It’s one of history’s greatest ironies: The pioneering psychologists, those men and women who first stepped foot onto the vast expanses of our subconscious minds, were themselves not exactly the tightest screws. Although according to “A Dangerous Method,” they might very well have given some pretty damn good screws.
Adapted by Christopher Hampton from his own 2002 play, The Talking Cure, itself based on the 1993 book “A Most Dangerous Method” by John Kerr, the new film presents the early 20th-century rivalry between Carl Jung (Michael Fassbender) and Sigmund Freud (Viggo Mortensen) as an slow-burning academic dispute interspersed with the occasional lurid sexual escapade. Oh, to be debating the nature of the self with Freud one minute and spanking your attractive student-turned-colleague — a woman who happens to look like Kiera Knightly — the next. The life of the mind is a wondrous thing.
That director David Cronenberg would decide to take on this material isn’t surprising in and of itself. He’s a filmmaker who’s at his most comfortable when plunging into sin (he made his mark with 1996’s “Crash,” a study of the car accident as aphrodisiac). What is surprising is the timidity with which Cronenberg approaches his protagonists, a restraint that surely Jung, Freud and Jung’s lover Sabina Spielrein would have all diagnosed as unhealthily repressive.
Just because it’s timid, though, doesn’t mean “A Dangerous Method” lacks for entertainment. It’s simply gripping in a more refined manner than one comes to expect from a Cronenberg film. For the vast majority of the movie, the world-famous psychoanalysts on screen do what they do best: talk. They bounce theories off each other, parse through the meanings of cryptic dreams, banter about humanity’s deeply suppressed desires as though they were arguing politics. In short, Freud and Jung analyze each other, and the drama’s central appeal lies in their simultaneous inability to analyze themselves.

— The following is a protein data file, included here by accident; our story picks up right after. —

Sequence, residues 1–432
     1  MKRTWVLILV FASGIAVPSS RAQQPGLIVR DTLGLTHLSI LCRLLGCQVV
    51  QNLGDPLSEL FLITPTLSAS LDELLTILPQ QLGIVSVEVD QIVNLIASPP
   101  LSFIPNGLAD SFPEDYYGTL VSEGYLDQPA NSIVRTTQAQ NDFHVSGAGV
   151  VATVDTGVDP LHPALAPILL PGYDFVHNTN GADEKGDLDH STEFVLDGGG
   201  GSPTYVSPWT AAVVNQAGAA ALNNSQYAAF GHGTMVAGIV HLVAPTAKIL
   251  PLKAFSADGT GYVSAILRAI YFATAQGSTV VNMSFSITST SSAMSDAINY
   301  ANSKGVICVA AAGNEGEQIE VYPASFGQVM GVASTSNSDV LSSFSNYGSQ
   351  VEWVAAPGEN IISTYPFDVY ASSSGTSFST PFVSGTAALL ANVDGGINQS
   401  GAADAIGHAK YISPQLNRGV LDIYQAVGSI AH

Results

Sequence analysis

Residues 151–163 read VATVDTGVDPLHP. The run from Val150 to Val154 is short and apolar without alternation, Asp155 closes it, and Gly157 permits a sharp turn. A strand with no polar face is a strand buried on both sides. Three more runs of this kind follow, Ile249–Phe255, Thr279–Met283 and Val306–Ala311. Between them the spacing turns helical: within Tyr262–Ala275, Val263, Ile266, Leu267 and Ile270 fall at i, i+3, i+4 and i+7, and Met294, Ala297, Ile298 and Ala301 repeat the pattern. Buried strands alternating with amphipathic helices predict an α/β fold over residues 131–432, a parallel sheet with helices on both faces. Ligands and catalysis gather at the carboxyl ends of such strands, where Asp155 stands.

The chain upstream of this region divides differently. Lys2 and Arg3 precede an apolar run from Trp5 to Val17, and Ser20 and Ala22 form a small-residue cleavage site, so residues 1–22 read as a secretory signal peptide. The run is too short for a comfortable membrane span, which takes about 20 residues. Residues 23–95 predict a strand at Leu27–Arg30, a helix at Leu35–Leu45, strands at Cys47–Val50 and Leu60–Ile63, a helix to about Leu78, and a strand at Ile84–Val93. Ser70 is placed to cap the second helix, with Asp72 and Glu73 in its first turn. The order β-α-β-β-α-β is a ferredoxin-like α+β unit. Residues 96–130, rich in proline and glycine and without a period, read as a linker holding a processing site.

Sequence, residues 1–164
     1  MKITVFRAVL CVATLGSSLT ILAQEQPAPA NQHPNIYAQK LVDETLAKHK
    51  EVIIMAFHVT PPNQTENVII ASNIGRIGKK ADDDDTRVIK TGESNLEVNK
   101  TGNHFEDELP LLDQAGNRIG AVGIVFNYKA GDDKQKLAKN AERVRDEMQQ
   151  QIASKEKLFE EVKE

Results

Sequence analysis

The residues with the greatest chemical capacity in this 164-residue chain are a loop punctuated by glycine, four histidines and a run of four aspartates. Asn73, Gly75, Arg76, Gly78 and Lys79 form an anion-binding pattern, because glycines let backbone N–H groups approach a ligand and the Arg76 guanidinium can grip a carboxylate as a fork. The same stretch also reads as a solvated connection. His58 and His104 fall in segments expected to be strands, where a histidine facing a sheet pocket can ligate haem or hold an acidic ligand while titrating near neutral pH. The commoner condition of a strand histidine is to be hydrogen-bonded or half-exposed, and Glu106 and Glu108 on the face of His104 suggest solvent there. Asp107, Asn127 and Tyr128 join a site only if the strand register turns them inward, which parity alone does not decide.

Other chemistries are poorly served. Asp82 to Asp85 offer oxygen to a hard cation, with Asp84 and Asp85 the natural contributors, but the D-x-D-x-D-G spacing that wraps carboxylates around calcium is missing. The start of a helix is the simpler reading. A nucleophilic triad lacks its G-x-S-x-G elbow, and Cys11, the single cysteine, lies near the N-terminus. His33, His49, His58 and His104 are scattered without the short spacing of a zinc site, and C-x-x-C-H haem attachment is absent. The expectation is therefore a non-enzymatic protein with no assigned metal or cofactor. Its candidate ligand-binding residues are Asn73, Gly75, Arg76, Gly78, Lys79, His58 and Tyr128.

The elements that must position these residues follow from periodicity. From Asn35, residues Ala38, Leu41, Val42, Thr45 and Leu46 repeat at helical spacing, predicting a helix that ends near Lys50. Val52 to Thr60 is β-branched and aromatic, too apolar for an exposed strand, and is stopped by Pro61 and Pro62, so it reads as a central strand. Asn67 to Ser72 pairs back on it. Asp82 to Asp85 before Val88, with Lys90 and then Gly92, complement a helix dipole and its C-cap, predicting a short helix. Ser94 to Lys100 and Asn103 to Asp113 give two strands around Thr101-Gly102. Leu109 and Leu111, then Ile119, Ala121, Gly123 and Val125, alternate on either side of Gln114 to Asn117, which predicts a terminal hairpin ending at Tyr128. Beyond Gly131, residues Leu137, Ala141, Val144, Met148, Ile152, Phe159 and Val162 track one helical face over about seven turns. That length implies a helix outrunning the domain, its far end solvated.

Fassbender dominates the film, appearing in nearly every scene, armed with the kind of professional poker face that dares you to guess what he’s hiding. Though Jung’s foil, in the context of history, is supposed to be Freud, Mortensen’s presence in the film is too far removed (both emotionally and physically, as the two only rarely occupy the same country) to be the protagonist’s ideological counterpart. That role instead falls to Spielrein, who as she falls deeper and more disturbingly for Jung forces him to challenge his own views on morality. She analyzes him, in other words.
It should be said that Knightly, donning an impressive Russian accent and an even more impressively removable corset, is oddly more convincing as a raging loon in the film’s first act than she is as a composed psychology scholar for its remainder. Still, she’s a cast standout — no small feat in a character-driven play adaptation.
Unfortunately for Cronenberg, we’ve already seen an onscreen analysis of a famous researcher caught between perversion and brilliance. His name was Alfred Kinsey, and his story was expertly realized by Bill Condon in 2004’s “Kinsey.” In that film, Liam Neeson’s sexologist leaped across the gender divide, videotaped other fornicating couples and interviewed a pedophile, all while struggling to make sense of what fueled his own strange desires. The rabbit hole had been opened. Here it sometimes seems as though Cronenberg and Hampton are simply mucking about, with limp staging and production design that doesn’t allow us to see the film as anything other than a direct translation of the play.
Since Jung was challenging the man who essentially pioneered modern psychosexual theory, watching him in his moments of realization should feel more… well, stimulating. But if it’s not quite the dangerous Cronenbergian ribaldry we’ve come to expect, at least viewing “Method” is an engagingly theatrical experience, albeit one that may cause you to lose confidence in your own therapist.
Opens Friday, November 16, at the E Street Cinema, Bethesda Row Cinema and AMC Loews Shirlington in Arlington, VA.
A Dangerous Method
Written by Christopher Hampton; based on his play and the book by John Kerr
Directed by David Cronenberg
Starring Michael Fassbender, Viggo Mortensen, Kiera Knightley